A New Zealander, Alexa Still took up graduate studies in New York (SUNY Stony Brook), where she also won competitions including the New York Flute Club Young Artist Competition and the East and West Artists Competition. Still returned home to be principal flute of the New Zealand Symphony Orchestra. Increasing solo engagements eventually led her to the more flexible schedule of a teaching position at the University of Colorado at Boulder. She moved to Sydney, Australia in 2006, where she became professor of flute and director of performance research at the Sydney Conservatorium of Music. In 2011, Still was appointed associate professor of flute at the Oberlin (Ohio) Conservatory of Music.

Still maintains a busy concert schedule, having presented recitals, concertos, and master classes in England, Germany, Slovenia, Turkey, Mexico, Venezuela, Brazil, Canada, Korea, China, Australia, New Zealand, and across the United States. She also has served her profession as president of the National Flute Association (USA), and regularly contributes articles to flute journals across the globe. When her flute is in its case, Still is an avid motorcyclist, and she shares a daughter and two dogs with her husband.

Music from New Zealand

7:30 p.m. Tuesday, Oct. 8, 2019 Alexa-Still.jpg
Corley Auditorium in Webster Hall

Admission: free

This concert by  Alexa Still  showcases music written by new Zealanders and inspired by New Zealand’s landscape, history, culture, events in the Oceanic region, and the mythology of New Zealand’s indigenous people, the  Māori. The music includes  Māori text and musical instruments of the  Māori people mixed with modern western flutes (assisted by Missouri Southern’s own  Elizabeth Robinson  on piccolo, flute and alto flute).

Why Export to the Oceania Countries?

11:00 a.m. Tuesday, Oct. 22, 2019 Jason-Teeum-Photo-1080.jpgCornell Auditorium in Plaster Hall
Admission: free

The region of Oceania has numerous opportunities for Missouri businesses. Both Australia and New Zealand’s governments have made opening their markets to the world a priority. As such, Australia and the US have a robust Free Trade Agreement that removes barriers for most products that cross the border. Come learn more about the opportunities and assistance available for anyone interested in trade between the US and Oceania region. This event is open to students, faculty, staff, and the public and is offered at no charge.

For those interested in registering for the event, the registration link is below:

Jason Teeman is an International Trade Specialist for the State of Missouri’s International Trade and Investment Office. He received his B.A. in International Relations at San Francisco State University in California. Jason works on the Asia Team in Jefferson City supporting Missouri’s foreign trade offices in China, Japan and Korea. Since joining State Government, he has assisted with Ambassador Visits, Governor Trade Missions, Grant proposals, as well as coordinating local company visits to Asia. Recently, he received his Certified Global Business Professional (CGBP) credential from NASBITE.

Māori Culture Book Club and the Polynesian Influence

5:30 p.m. Wednesday, Oct. 23, 2019 Maori-Culture-Book-Club-Reduced.jpg
Joplin Public Library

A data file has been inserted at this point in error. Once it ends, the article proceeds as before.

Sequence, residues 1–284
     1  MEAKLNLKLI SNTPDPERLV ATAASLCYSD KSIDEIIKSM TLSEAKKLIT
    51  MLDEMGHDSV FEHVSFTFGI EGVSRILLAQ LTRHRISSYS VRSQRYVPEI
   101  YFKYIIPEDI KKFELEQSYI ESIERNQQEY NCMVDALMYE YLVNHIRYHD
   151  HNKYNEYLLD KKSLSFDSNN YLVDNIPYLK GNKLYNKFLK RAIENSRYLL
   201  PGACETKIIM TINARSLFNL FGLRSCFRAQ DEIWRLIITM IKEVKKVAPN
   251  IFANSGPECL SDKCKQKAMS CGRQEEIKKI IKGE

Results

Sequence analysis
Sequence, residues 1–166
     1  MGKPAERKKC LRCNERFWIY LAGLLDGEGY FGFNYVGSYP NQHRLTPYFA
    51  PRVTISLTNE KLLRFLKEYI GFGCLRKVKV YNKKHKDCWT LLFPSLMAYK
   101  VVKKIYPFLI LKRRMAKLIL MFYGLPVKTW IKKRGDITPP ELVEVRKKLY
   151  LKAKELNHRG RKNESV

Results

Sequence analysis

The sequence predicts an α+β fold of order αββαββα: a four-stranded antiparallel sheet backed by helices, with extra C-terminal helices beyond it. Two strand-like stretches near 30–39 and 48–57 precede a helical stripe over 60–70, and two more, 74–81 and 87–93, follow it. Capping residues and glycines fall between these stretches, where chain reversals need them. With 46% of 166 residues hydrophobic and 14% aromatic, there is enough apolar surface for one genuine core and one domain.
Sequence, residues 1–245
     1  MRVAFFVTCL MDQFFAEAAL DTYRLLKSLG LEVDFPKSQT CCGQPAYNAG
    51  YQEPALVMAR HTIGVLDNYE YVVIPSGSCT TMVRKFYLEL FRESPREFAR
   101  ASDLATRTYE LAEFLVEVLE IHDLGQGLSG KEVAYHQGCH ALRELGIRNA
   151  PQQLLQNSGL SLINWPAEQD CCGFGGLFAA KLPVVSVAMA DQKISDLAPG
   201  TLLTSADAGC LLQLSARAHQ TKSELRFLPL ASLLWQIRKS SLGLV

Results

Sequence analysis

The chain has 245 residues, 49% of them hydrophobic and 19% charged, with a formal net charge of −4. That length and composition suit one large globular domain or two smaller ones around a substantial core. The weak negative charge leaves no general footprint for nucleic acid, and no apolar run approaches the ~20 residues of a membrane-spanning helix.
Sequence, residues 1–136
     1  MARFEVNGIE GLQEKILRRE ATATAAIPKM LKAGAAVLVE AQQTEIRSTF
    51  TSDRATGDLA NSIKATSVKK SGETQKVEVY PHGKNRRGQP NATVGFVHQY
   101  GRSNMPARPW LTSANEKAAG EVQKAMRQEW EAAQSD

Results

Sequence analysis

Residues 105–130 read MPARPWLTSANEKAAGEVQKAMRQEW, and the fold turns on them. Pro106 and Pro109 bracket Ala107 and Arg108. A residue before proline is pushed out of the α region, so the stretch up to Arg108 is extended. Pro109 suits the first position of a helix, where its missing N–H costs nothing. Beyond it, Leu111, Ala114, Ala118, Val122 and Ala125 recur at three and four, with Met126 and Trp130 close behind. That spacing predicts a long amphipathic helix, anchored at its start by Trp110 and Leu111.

1901 E. 20th St.  
Admission: free

The Whale Rider (1978) by Witi Ihimaera, the first Māori writer to publish both a novel and a book of short stories, is beloved by adults and younger readers alike, the world over. The New Zealand Book Council profile of Ihimaera describes The Whale Rider as “A magical, mythical work about a young girl whose relationship with a whale ensures the salvation of her village, [and] it is, says Ihimaera, the work of his ‘that the Māori community accepts best.’” Enjoy the book, learn about the Māori culture of New Zealand, and meet new people in the process by joining the Oceania-themed book club hosted by the Missouri Southern English honor society Sigma Tau Delta. Pick up a copy of The Whale Rider by Witi Ihimaera in Webster Hall 337 (while supplies last). The book club will meet on Wednesdays: Sept. 25 at Joplin Avenue Coffee (first third to half of book), Oct. 23 at the Joplin Public Library (second half of book), and Nov. 20 at Phelps Theater in the Billingsly Student Center on the MSSU campus (endings, adaptations, and afterlives). The book club is open to the public, and snacks will be provided.

Kava: A New Global Drug?

9 a.m. Friday, Oct. 25, 2019 Lamont-Lindstrom.jpg
Corley Auditorium in Webster Hall

Admission: free

Pacific Islanders enjoyed two traditional drug substances: betel (Areca palm nut chewed with the leaves or catkins of the Piper betle vine and lime) and kava (Piper methysticum). Whereas betel likely originated in the Philippines, early settlers in Vanuatu domesticated kava around 2,500 years ago. From Vanuatu, kava spread west to a few regions of New Guinea, north to Pohnpei and Kosrae in Micronesia, and east to Fiji, Samoa, Tonga, and most of Polynesia. Like many substances, people traditionally drank kava for religious purposes – to gain access to the voices of their ancestors and other important spirits. But they also valued the drug’s typically calming and enjoyable effects on mind and body. Growing numbers of people beyond the Pacific are also developing new appreciations of kava. Currently, there are at least 100 kava bars in many American cities, and numbers are increasing fast. Will there be a kava bar near you, too, someday soon?